Charlottesville, VA — The University of Virginia’s (UVA) Institute for Environmental Negotiation (IEN) is proud to announce the launch of Transforming Community Spaces: Bending the Arc of Memory Toward Healing and Justice. This IEN-led initiative will launch in conjunction with UVA’s Center for Cultural Landscapes symposium Race and Public Space: Commemorative Practices in the American South on March 24-25, 2017 in Charlottesville, Virginia.
Transforming Community Spaces (TCS) will support the many communities and institutions across the nation facing challenges in telling more complete histories by providing best practices for consensus building, public history, public design, and community engagement. TCS begins on March 24 with the convening of a national Advisory Committee of designers, historians and mediators. The group will offer advice to IEN as it develops guidance for communities and institutions seeking to tell more complete histories and change their narratives around issues of race and other types of identity. The IEN initiative is sponsored by UVA’s School of Architecture and Frank Batten School of Leadership and Public Policy, and project partners include The Cultural Landscape Foundation, the National Preservation Institute, and the National Trust for Historic Preservation.
The CCL-led symposium begins later that same evening and continues into March 25. With dynamic and provocative speakers who bring deep knowledge on these topics, the symposium aims to generate vibrant discussion about the "21st century crisis” of how problematic community narratives are maintained, changed or erased through histories, stories, and memories in public spaces and representations. Ideas and discussion at the symposium will feed into development of the guidance, which will be tested with pilot projects in different parts of the country before it is finalized and widely disseminated.
The two-day symposium is sponsored by the UVA School of Architecture Sara Shallenberger Brown Cultural Landscapes & Sites Initiative, and supported by the BNSF Railway. All events are free and open to the public, but registration is requested. You can find more information and the symposium schedule here.
The goals of these two initiatives are synergistic in seeking to initiate and support intentional, candid and inclusive dialogue about how communities may approach historical commemoration issues that stir passions and conflict. The initiatives address a resurgence in debates about the impacts of public parks, monuments, and other sites identified with slavery, colonialism and more recent contested histories.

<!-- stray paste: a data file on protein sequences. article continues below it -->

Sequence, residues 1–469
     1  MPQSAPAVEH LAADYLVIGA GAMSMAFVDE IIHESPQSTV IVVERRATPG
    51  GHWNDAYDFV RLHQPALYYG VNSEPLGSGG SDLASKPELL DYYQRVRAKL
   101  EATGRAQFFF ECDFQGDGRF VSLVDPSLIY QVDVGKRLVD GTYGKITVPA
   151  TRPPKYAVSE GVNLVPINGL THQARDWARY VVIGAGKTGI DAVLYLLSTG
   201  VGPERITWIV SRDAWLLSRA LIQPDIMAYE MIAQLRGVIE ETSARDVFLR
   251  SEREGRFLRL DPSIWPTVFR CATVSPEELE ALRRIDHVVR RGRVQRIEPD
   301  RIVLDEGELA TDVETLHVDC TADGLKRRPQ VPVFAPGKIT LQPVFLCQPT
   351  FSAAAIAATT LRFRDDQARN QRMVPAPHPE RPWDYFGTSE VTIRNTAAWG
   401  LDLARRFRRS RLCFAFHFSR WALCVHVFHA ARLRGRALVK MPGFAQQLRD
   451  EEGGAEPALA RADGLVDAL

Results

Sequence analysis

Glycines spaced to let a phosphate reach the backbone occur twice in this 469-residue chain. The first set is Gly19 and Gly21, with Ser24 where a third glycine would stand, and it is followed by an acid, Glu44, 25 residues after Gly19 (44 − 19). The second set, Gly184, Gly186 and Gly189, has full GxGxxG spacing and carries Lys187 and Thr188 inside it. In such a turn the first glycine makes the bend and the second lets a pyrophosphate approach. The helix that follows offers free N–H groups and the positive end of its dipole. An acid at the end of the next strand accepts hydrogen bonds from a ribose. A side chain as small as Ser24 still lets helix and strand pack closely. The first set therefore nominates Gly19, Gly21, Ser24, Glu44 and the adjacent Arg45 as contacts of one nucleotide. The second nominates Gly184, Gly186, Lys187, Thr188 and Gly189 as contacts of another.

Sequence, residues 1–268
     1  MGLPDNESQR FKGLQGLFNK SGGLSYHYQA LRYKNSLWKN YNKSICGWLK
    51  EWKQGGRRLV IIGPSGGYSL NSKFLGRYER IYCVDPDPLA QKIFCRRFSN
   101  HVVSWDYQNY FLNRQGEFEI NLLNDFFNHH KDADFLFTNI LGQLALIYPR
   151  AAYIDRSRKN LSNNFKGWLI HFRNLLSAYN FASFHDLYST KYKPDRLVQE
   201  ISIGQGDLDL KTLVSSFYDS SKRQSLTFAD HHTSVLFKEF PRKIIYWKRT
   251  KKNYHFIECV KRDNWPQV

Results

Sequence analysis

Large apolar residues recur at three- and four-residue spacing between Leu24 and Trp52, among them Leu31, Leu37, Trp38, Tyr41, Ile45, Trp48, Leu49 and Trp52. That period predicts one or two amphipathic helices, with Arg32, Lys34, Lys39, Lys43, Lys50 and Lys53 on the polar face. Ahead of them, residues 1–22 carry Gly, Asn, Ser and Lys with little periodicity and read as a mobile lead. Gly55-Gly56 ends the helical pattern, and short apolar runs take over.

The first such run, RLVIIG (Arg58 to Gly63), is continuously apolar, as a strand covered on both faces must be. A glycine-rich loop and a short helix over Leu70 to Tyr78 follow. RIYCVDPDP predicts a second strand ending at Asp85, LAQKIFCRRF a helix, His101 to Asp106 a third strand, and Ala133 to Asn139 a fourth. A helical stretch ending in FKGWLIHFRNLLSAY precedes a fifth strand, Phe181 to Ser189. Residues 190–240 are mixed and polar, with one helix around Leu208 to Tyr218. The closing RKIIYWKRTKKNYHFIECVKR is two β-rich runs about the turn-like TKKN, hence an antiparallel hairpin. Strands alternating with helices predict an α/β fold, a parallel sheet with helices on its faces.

The CCL and IEN are working closely in both funding and execution of these initiatives: IEN is supporting CCL’s symposium in design and facilitation, and CCL is supporting IEN’s initiative in design and serving on the Advisory Committee.
The Institute for Environmental Negotiation (IEN) has over 35 years’ experience bringing the tools of facilitation and mediation to bear on complex social and environmental issues. With a belief that robust community engagement yields long-term resilience, IEN helps ensure that communities are sustained ecologically, socially and economically. Since 2007 IEN has facilitated a project known as UCARE (University & Community Action for Racial Equity), which convenes faculty, staff and students alongside community members to examine the University’s history, present day obligations and future possibilities in relation to its legacy of slavery.
The Center for Cultural Landscapes produces research and creates new models of innovative cultural landscape stewardship in the region, the nation and around the globe. Its work focuses on increasing awareness of the historical and ecological value of cultural landscapes through innovative scholarly research, site documentation and fieldwork, planning, preservation, management, and design.
TCS Project Sponsors
TCS Project Partners